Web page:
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'Shazam for Earthquakes' Could Help Predict Big Quakes

Scientists have discovered a way to identify "microquakes," which could help them predict larger temblors in the future.

Inspired by the Shazam music-discovery app, scientists have discovered a way to identify "microquakes" that previously went unnoticed, which could help them predict larger temblors in the future.

Shazam uses an algorithm to identify patterns in music, helping people at bars answer such important questions as, "Is this a Lionel Richie song?"

Stanford researchers thought the same idea could be applied to earthquakes, so they developed Fingerprint And Similarity Thresholding, or FAST. It searches through large databases of seismic activity looking for patterns that indicate an earthquake has taken place — including small events that don't register as earthquakes with conventional equipment.

These microquakes might not wake anyone up at night, but they could help scientists predict how often large quakes might occur and where they might strike.

Image: FAST
FAST could transform how seismologists detect microquakes – temblors that don't pack enough punch to register as earthquakes when analyzed by conventional methods.Ilissa Ocko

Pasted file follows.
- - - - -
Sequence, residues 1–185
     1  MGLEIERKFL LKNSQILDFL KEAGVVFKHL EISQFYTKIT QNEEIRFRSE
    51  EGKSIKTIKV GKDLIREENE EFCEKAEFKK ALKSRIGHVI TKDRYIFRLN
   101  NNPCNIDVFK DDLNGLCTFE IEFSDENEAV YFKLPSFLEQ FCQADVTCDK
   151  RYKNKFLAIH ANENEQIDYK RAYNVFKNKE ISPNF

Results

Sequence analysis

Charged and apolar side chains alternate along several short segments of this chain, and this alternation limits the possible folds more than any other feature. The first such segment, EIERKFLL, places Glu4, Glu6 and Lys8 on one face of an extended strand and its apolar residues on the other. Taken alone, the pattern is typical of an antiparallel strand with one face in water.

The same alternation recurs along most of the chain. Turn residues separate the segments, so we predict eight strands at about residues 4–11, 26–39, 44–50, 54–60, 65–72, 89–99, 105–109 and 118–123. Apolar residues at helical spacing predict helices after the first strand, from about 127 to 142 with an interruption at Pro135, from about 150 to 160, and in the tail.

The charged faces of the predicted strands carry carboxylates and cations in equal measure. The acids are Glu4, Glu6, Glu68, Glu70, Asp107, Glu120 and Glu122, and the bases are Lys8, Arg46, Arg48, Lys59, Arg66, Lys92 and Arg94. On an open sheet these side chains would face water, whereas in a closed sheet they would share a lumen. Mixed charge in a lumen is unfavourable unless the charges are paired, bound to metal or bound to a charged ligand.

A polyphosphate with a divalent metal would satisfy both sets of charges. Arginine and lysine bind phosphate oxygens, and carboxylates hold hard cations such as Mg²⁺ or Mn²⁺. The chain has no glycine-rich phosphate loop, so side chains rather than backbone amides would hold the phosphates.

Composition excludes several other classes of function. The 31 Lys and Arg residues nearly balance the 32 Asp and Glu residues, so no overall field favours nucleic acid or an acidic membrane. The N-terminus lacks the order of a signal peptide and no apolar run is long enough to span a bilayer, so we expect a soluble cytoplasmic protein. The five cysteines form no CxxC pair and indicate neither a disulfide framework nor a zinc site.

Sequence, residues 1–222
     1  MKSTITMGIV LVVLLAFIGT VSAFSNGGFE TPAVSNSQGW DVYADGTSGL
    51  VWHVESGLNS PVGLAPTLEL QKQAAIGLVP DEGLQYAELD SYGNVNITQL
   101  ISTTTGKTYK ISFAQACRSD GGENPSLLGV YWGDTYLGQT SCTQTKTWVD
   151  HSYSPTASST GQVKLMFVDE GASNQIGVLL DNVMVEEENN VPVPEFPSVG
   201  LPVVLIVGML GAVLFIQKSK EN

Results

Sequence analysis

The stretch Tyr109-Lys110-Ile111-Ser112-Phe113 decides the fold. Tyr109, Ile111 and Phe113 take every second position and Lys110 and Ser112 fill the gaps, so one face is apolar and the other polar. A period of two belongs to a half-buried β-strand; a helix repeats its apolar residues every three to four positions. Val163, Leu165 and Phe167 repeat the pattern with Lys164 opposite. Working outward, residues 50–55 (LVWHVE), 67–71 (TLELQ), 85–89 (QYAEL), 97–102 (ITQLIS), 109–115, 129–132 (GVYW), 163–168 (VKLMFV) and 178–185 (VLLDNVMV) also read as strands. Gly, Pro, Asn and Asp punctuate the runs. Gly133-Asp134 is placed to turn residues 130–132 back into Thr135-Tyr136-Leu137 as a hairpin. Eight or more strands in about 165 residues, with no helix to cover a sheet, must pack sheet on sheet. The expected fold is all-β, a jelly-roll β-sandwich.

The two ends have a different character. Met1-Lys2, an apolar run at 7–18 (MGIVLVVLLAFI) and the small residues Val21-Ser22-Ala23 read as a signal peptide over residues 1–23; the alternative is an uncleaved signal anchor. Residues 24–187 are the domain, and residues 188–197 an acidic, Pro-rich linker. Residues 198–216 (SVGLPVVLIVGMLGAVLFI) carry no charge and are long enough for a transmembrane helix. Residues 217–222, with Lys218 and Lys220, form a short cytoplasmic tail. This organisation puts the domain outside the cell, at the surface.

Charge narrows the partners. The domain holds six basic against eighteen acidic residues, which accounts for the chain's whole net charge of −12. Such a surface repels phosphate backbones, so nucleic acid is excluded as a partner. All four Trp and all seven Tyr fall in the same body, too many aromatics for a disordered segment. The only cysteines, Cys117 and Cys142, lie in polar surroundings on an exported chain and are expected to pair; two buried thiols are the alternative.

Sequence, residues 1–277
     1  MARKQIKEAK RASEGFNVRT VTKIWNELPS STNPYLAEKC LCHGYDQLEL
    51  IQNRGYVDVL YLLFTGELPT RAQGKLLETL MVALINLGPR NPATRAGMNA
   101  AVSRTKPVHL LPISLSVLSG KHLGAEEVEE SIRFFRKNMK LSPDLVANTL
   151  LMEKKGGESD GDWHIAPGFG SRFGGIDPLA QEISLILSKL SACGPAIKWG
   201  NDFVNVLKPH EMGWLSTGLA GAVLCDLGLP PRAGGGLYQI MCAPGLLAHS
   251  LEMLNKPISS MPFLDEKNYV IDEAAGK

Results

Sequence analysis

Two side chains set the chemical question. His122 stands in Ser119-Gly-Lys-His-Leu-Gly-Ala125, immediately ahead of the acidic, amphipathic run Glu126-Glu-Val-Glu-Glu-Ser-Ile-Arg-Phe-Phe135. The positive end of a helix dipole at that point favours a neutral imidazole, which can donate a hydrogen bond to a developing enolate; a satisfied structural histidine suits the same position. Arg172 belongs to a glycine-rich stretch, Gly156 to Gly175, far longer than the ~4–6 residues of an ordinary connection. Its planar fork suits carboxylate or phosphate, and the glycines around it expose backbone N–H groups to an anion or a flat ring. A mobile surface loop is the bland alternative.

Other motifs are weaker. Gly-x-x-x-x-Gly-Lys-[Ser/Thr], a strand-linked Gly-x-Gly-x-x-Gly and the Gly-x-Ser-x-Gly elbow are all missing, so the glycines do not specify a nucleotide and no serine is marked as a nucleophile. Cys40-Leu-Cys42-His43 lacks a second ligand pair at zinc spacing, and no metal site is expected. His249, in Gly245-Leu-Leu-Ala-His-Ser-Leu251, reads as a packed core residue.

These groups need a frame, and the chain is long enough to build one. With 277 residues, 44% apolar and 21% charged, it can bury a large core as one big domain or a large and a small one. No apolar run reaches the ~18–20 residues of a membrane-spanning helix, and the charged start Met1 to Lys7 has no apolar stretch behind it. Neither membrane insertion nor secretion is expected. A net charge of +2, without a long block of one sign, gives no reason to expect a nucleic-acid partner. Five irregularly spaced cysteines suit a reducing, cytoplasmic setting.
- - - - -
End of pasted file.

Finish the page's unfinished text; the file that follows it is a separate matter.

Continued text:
The idea came to Greg Beroza, a Stanford geophysics professor, several years ago while he was at an electronics store and heard a song he couldn't identify.

"Shazam did its thing and within 10 seconds it was trying to sell me the song," Beroza said. "I thought, 'That's cool,' and then a moment later, 'That's what I want to do with seismology.'"

Related: Twitter is Being Used by USGS to Detect Earthquakes

He assembled a team and used the algorithm to analyze seismic activity on the Calaveras Fault in Northern California. FAST was able to identify large quakes and tiny temblors nobody had noticed before.

They believe the technology could be used in places like Oklahoma and Arkansas, where an increase in small quakes has been linked to hydraulic fracturing, or "fracking." FAST could help determine which areas are at risk for earthquakes.

The next step is to test the technology with multiple seismic stations over longer periods of time, something that could help researchers predict how often large, natural quakes will strike.